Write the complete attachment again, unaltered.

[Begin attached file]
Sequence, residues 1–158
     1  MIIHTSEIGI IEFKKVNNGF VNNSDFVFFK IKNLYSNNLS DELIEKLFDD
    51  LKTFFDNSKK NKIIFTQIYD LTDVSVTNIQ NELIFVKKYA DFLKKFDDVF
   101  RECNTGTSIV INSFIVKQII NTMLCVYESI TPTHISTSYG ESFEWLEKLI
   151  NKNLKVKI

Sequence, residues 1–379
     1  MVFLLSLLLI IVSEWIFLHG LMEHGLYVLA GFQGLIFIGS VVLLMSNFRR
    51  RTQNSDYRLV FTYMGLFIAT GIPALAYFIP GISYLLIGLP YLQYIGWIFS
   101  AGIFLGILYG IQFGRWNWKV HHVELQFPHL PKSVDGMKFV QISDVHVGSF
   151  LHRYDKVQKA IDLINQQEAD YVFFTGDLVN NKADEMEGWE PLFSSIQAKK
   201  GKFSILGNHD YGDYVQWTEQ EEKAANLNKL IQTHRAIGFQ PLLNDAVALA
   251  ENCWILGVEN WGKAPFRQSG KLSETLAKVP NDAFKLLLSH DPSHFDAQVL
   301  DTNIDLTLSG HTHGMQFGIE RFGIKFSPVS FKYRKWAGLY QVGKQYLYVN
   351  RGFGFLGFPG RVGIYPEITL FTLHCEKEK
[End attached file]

Sequence, residues 1–158
     1  MIIHTSEIGI IEFKKVNNGF VNNSDFVFFK IKNLYSNNLS DELIEKLFDD
    51  LKTFFDNSKK NKIIFTQIYD LTDVSVTNIQ NELIFVKKYA DFLKKFDDVF
   101  RECNTGTSIV INSFIVKQII NTMLCVYESI TPTHISTSYG ESFEWLEKLI
   151  NKNLKVKI

Sequence, residues 1–379
     1  MVFLLSLLLI IVSEWIFLHG LMEHGLYVLA GFQGLIFIGS VVLLMSNFRR
    51  RTQNSDYRLV FTYMGLFIAT GIPALAYFIP GISYLLIGLP YLQYIGWIFS
   101  AGIFLGILYG IQFGRWNWKV HHVELQFPHL PKSVDGMKFV QISDVHVGSF
   151  LHRYDKVQKA IDLINQQEAD YVFFTGDLVN NKADEMEGWE PLFSSIQAKK
   201  GKFSILGNHD YGDYVQWTEQ EEKAANLNKL IQTHRAIGFQ PLLNDAVALA
   251  ENCWILGVEN WGKAPFRQSG KLSETLAKVP NDAFKLLLSH DPSHFDAQVL
   301  DTNIDLTLSG HTHGMQFGIE RFGIKFSPVS FKYRKWAGLY QVGKQYLYVN
   351  RGFGFLGFPG RVGIYPEITL FTLHCEKEK